“I’m not in a mood to speak to anyone,” she told them. Persuaded to talk to me because I was not a state officer, she came to life and said, she came to Kibera via Langata in 1963, settling in her current abode proper in 1972. But now, it was no more and she did not know what to do and where to go. “I witnessed Jomo Kenyatta (the first President of the Republic of Kenya and the father of the current and fourth President Uhuru Kenyatta) being sworn in as the country’s first black leader in Langata and we ululated throughout the night, ecstatic in the knowledge that we could now henceforth self-govern ourselves. In the sunset of my years, I have no place to call home because the government does not have time for poor, old and dying women like me.”

However, even in the worst of adversity, people can have something to smile and live for. I walked 20 metres from where the three women were, navigating huge boulders to where Rachel Kerubo was, and found her preparing lunch on an open makeshift three-stone hearth. Charming and welcoming, she heartily invited me to lunch: ugali and omena (sardines) with kunde (indigenous bittersweet greens leaves). A delicious and nutritious dish, eaten mostly in low-income households, the meal is a mouth-watering combination that fills the stomach and is very pocket-friendly.

“I came to Kibera a decade ago after I was displaced by the 2007/2008 post-election violence in the Rift Valley,” said Kerubo. “There’s no respite for the poor and the weak in this country. Now it looks like I’m on the run again.” Her house in Kibera had been flattened, but she counted herself lucky: She was just in time to rescue her wooden chicken coop, part of her income-generating project when she came to Kibera. Her three-week-old chicks were scrounging the rubble for food with the help of the mother hen. In her mid-50s, Kerubo is as enterprising as they come.

Besides rearing chicken, she grew tomatoes on a 20X10 plot that she had rented next to where she lived. The tomato plants too had been flattened. With a group of other seven residents – five women and two men – Kerubo and her group had fund-raised to buy 10,000- and 5,000-litre plastic water tanks, where they stored water which they would sell to their fellow slum dwellers for a marginal profit. She also used part of the water to grow her tomatoes. “We were given two alternatives – we pour all the water and therefore save our tanks – or the bulldozers crush them,” Kerubo narrated to me. I found the water tanks lying on their belly on their raised wooden support, proof indeed that their contents had been rendered to the ground.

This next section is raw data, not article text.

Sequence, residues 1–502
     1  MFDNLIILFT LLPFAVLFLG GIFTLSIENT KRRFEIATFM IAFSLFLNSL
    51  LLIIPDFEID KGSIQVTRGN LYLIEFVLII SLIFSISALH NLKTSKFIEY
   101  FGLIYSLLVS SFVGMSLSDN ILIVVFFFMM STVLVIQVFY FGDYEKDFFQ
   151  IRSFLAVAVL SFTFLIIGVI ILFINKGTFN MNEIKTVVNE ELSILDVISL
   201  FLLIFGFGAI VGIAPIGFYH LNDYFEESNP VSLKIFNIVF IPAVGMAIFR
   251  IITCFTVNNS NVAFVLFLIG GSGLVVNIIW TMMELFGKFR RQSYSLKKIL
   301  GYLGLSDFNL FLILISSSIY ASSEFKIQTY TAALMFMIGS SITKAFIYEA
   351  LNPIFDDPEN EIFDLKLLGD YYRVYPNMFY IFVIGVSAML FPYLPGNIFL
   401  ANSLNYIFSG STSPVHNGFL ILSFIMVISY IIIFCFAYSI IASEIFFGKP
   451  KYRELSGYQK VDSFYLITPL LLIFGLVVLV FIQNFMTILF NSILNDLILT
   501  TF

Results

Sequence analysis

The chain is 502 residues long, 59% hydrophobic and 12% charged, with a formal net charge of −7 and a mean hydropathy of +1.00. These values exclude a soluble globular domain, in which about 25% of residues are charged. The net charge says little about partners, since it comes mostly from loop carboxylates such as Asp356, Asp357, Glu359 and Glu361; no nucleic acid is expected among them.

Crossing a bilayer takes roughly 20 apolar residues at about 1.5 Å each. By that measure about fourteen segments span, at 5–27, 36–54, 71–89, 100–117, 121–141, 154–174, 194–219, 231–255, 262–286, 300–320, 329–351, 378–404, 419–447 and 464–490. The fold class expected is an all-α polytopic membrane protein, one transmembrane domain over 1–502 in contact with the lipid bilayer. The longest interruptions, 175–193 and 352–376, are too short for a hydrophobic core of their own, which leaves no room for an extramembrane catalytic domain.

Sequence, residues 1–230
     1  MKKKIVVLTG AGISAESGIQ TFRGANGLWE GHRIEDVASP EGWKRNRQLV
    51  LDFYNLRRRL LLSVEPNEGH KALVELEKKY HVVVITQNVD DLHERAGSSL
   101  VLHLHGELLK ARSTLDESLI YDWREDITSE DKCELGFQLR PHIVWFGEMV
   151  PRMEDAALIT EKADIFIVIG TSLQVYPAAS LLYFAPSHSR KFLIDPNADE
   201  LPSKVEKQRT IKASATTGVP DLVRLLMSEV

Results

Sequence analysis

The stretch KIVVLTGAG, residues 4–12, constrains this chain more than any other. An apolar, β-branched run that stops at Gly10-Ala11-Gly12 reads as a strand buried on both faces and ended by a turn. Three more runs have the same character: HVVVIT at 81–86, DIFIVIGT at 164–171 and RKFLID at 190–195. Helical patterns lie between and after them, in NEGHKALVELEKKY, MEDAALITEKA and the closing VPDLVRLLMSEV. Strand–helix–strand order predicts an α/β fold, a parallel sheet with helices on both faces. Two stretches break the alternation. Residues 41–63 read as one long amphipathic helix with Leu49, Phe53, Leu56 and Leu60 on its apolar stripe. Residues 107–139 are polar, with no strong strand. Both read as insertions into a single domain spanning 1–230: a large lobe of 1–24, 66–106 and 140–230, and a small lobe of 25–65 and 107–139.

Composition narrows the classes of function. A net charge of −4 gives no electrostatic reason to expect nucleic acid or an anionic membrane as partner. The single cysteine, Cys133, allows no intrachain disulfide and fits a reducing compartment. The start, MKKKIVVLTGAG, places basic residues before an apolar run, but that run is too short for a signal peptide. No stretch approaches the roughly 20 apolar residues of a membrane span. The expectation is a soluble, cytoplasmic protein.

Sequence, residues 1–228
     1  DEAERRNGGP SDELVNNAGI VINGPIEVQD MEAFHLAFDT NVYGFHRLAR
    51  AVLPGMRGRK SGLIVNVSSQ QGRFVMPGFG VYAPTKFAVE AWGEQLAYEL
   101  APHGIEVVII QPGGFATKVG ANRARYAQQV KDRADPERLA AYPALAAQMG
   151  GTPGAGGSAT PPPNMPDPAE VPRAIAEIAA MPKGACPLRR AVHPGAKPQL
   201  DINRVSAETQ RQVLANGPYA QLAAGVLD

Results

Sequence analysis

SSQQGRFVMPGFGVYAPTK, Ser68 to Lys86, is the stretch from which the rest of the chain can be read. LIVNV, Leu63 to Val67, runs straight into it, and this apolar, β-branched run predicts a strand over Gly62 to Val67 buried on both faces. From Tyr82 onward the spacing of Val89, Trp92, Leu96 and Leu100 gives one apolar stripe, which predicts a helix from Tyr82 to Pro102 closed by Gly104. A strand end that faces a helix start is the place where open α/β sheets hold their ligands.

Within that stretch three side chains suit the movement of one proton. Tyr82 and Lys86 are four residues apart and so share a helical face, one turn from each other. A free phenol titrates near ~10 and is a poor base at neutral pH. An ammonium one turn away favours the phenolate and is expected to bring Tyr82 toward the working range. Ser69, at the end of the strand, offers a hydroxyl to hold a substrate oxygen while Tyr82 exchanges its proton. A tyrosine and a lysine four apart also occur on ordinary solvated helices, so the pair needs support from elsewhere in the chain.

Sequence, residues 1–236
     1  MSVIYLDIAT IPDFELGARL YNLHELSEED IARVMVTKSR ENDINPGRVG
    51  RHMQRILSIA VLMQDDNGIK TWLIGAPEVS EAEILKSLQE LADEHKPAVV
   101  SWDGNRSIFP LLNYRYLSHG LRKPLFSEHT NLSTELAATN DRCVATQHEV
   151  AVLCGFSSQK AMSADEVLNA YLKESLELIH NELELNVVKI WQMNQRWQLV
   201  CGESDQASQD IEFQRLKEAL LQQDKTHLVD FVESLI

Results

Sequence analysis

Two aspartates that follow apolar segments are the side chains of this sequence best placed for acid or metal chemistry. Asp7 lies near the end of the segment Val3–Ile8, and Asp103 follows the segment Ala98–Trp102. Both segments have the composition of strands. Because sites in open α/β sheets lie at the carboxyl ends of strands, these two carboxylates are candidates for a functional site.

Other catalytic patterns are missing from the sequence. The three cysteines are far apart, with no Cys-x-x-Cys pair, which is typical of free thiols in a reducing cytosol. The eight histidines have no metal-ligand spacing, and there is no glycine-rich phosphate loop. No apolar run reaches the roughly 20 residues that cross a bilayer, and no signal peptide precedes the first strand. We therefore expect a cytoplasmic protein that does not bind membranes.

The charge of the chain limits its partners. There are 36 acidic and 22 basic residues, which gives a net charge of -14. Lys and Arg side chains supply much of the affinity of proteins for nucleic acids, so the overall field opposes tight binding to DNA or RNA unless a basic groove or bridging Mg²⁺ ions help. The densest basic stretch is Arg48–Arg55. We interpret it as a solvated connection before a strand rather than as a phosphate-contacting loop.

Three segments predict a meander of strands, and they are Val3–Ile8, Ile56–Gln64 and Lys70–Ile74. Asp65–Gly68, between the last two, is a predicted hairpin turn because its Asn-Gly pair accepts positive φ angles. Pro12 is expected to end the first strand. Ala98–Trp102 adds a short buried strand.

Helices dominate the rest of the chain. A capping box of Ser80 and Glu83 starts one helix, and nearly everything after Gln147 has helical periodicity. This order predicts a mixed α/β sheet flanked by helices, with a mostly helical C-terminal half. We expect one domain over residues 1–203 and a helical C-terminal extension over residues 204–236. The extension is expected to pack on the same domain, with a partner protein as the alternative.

Across the field, on the other side of the wall, about 60 metres away, I found Halima Burhan cleaning dishes. Her ageing great aunty and daughter sat close by on the ground crossed-legged, their backs leaning on a semi-demolished mud wall. Tall and ebony black, Halima, at 63-years-old, is as energetic and as active as ever. Looking a little rugged, perhaps because of the vicissitudes of slum life, she still retains a trace of the impossible beauty that Nubian women are known for. “The Monday [July 23, 2018] morning demolition took us by complete surprise,” said Halima in proper Kiswahili sanifu (formal Kiswahili language).

“On July 16, government officials [these were Kenya Urban Roads Authority (KURA) personnel] descended on our homes, marked them with a red X sign, and told us that all the people who would be affected by the impending evictions would be paid a consolidated three-month payment to move away,” said Halima. “We asked them when the eviction notice was due, but they dodged the matter. They assured us nothing untoward would be done without our prior knowledge. Little did we know they had come for a last reconnaissance tour to confirm that all the intended houses and buildings to be demolished were clearly marked, as they duped us that nothing sinister was in the offing.” In hindsight, said Halima, it was the calm before the storm.

On July 16, government officials [these were Kenya Urban Roads Authority (KURA) personnel] descended on our homes, marked them with a red X sign, and told us that all the people who would be affected by the impending evictions would be paid a consolidated three-month payment to move away,” said Halima. “We asked them when the eviction notice was due, but they dodged the matter.”